Amy Stanley's father, Thomas James Stanley, was born in Nether Worton, Oxfordshire c.1849 but by 1861, when Thomas was 12, he, his parents (John Stanley, 60, and Rebecca Stanley, 43) and Mary A. Stanley (his 11 year old sister) had moved to the nearby Hamlet of Leadwell where they ran a grocers' shop (also licenced for the sale of beer!).
In 1881 Thomas (32) and Mary (31) still lived in Leadwell where Thomas ran a public house and Mary was a housekeeper.
In the autumn of 1882 Thomas was married to Eliza Agnes Margetts of Deddington, Oxfordshire.
Eliza Agnes Margetts was baptised in her home village of Deddington, Oxfordshire, on January 31, 1861. She was the daughter of sometime wine-merchant, innkeeper and grocer Henry Margetts and his wife Eliza. Between 1850 and 1870 Henry and Eliza had around 12 children, at least three of whom died as children.
The newlywed Thomas and Eliza Stanley remained in Leadwell until after the birth of their third child (c.1887).
The 1891 census shows Thomas and Eliza to be living in Green Road, Wolvercote, a village north of Oxford. Thomas was working as a Farm Sherriff (a kind of foreman), and they had 5 children John H. (7), Harry O. (5), William S. (4), Alfred Margetts (1, born August 9, 1889) and their only daughter Amy Zillah Elsie Stanley (3). A sixth child Walter Fredrick Stanley was born on April 7, 1894.
Amy Zillah Elsie Stanley was born on (?) 4 January 1888. She was baptised at the church in Barford St. Michael, Oxfordshire on March 16 1888. Barford St. Michael (or Great Barford is a village about 2 miles W.N.W. of Deddington situatd on the river Swere.
As she grew up Amy probably helped in the family grocery on Green Road (they sold butter, bacon and cheese). Eventually however, she became a dressmaker working in the nearby city of Oxford. Later she left home to go into domestic service in Wallingford, Oxfordshire.
Photo: Oxford Illustrated Journal.
In 1912, when Amy was 24, she prepared to move to New Haven, CT, USA to become a children's maid. She purchased a third class ticket through Thomas Cook & Son, Ludgate Circus, London and left Wallingford in April of that year to join the Titanic at Southampton. According to contemporary newspaper reports, she would have made the journey earlier but for the coal strike, by which she was delayed.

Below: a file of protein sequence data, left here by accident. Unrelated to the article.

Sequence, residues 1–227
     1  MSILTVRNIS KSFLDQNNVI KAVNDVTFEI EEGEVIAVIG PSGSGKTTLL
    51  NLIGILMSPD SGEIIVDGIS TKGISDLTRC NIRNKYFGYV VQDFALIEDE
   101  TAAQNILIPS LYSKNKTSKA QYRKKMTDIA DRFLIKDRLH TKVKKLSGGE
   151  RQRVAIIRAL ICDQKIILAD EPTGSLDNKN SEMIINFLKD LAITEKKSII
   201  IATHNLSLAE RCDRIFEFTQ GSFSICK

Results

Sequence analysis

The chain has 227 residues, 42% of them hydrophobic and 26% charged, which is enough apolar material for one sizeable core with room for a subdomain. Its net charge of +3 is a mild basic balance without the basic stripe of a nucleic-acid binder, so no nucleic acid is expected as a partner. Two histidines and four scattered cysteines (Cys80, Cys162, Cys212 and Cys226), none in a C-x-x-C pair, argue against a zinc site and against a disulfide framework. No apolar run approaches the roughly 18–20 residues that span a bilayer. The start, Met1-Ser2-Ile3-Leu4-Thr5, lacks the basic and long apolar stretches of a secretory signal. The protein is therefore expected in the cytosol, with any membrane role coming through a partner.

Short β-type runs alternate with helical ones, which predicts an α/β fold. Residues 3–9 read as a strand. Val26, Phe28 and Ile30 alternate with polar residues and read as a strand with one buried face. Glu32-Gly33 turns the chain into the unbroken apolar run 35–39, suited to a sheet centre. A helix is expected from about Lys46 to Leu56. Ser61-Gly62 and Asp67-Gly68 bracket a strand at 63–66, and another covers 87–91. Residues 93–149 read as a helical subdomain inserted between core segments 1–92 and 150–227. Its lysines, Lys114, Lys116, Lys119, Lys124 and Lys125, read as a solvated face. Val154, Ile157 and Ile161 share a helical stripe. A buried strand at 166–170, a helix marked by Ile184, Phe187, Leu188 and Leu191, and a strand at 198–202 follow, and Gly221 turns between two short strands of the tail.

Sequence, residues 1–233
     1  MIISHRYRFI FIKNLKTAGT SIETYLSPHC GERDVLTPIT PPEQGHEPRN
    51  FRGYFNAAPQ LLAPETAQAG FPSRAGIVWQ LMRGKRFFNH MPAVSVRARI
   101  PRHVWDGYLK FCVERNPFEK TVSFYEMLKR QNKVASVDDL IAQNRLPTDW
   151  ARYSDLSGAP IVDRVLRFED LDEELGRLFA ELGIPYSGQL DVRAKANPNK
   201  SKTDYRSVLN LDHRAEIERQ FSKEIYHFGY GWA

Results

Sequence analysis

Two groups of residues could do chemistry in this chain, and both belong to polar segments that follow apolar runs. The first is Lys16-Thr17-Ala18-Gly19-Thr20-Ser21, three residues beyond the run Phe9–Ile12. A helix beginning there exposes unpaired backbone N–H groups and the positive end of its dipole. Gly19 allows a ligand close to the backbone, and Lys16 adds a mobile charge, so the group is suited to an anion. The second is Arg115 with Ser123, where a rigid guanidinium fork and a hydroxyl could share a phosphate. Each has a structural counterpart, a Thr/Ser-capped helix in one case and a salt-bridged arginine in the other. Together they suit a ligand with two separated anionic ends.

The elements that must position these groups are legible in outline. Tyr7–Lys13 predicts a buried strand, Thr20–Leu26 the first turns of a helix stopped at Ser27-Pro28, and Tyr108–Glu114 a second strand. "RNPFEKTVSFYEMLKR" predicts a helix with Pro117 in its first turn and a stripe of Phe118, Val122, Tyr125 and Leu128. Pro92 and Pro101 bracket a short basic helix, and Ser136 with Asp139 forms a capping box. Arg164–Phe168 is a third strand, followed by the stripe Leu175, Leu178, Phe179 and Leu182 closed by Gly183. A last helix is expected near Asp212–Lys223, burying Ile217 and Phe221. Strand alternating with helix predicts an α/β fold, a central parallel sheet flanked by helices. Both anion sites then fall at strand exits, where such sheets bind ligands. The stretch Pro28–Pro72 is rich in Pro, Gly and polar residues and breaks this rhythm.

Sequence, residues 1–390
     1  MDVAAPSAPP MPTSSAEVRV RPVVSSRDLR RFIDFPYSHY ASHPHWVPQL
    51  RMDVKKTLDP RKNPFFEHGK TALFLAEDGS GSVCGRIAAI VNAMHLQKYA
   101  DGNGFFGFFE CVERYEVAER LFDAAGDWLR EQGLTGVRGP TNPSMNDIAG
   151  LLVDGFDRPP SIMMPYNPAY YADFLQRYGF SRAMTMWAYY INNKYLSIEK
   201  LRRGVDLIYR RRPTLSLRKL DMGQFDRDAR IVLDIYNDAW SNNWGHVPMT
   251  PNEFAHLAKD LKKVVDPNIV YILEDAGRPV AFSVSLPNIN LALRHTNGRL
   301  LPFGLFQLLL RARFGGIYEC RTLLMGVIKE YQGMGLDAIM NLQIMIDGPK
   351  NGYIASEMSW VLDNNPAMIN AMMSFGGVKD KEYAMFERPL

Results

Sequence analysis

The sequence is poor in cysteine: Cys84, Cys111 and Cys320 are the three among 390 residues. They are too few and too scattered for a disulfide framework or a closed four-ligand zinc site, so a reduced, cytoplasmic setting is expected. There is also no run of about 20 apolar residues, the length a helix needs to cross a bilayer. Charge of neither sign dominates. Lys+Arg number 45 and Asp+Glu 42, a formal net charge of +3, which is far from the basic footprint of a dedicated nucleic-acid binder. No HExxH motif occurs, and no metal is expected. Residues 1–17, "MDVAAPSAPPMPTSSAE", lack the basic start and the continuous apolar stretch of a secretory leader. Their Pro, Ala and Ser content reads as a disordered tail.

|My two cabin mates were a Nurse and an 11 year old [sic] child, her name was Elizabeth. The child was alone, because her parents were still in Europe and she was going home to America.|
Amy's cabin mates were almost certainly Elizabeth Dowdell (30) and Virginia Ethel Emanuel (5).
Amy survived the sinking having escaped in Collapsible C and completed the journey to New York on board the rescue ship Carpathia. During the journey the Carpathia 's wireless operator accepted the following Marconigram, however it was nover tramsmitted due to lack of time:
| To: Mrs Stanley, Wolvercote, Oxford.
''Saved Carpathia.- Amy''.
Whilst on board the Carpathia Amy also made a happy discovery:
|I found Elizabeth and the Nurse I roomed with on the Titanic, I was so glad they survived the trauma.|
After her arrival Amy wrote to her parents:
Dear Father and Mother,
Amy Stanley after her arrival in America (© Jessica Tanner).
Amy later expanded on her meeting with Rosa Abbott:
|We were very close since we were on the Titanic together. And her stateroom had been near mine. I was the only one that she could talk to about her sons because I knew them myself. She told me that she would get [sic] in the lifeboat if there hadn't been so many people around. So she and her sons kept together. She was thankful that [the] three of them had stayed with her on that piece of wreckage. The youngest went first then the other son went. She grew numb and cold and couldn't remember when she got on the Carpathia. There was a piece of cork in her hair and I managed to get a comb and it took a long time but finally we got it out.|
Amy was give $200 by the American Red Cross (Entry no.431) and she travelled on to New Haven to start her new life.
Amy married Eugene Sheldon Tanner Sr. on November 1, 1918 in Brooklyn, NY. Through connections with the family she worked for in New Haven Amy managed to get Eugene an early honorable discharge from the Navy so they could be married.
On July 22, 1921 (in North Attleboro, MA) Amy gave birth to Alfred Stanley Tanner Sr. (died 30 September 1993 in Warwick, R.I). A second son, Eugene Sheldon Tanner Jr. was born in Providence, RI on August 8, 1926.
Amy Tanner (née Stanley) died on April 21, 1955 in Providence, RI and was buried at Oakland Cemetery, Cranston, R.I. on 25 April 1955.
|Mrs EUGENE S. TANNER
Private funeral services for Mrs Amy E. Tanner, 66, of 60 Eliza St., will be held Monday at 2 P.M. at the Bailey-Shippee Funeral Home, 417 Plainfield St. Burial will be in Oakland Cemetery, Cranston.
Mrs Tanner, wife of Eugene S. Tanner, died Thursday at Rhode Island Hospital after a short illness.
Born in Oxford, England, Jan. 4, 1889 [sic], a daughter of Mr and Mrs Thomas Stanley, she had been a resident of Providence 38 years. She was a communicant of the Church of the Messiah, Episcopal.
Mrs Tanner was a survivor of the Titanic disaster.
Besides her husband, survivors are two sons, Alfred S. of Cranston and Eugene S. Tanner, Jr. of Warwick, and three grandchildren.
Arthur Merchant, USA
Jessica Tanner, USA (great grandaughter)
Brian Ticehurst, UK
Jackson's Oxford Illustrated Journal, 24 April 1912, p.3
Oxford Chronicle - Bucks & Berks Gazette, 19 April, p.7; 26, p.7; May 10, p.10; 17 pp.7,9
State Of Rhode Island And Providence Plantations Certificate Of Death
British Census 1891 (Oxford)
British Census 1861, 1881 (Deddington & Woodstock)
Parish Registers for the parishes of Barford St. Michael; St. Peter's church, Wolvercote
American Red Cross (1913) Emergency and Relief Booklet (#431)
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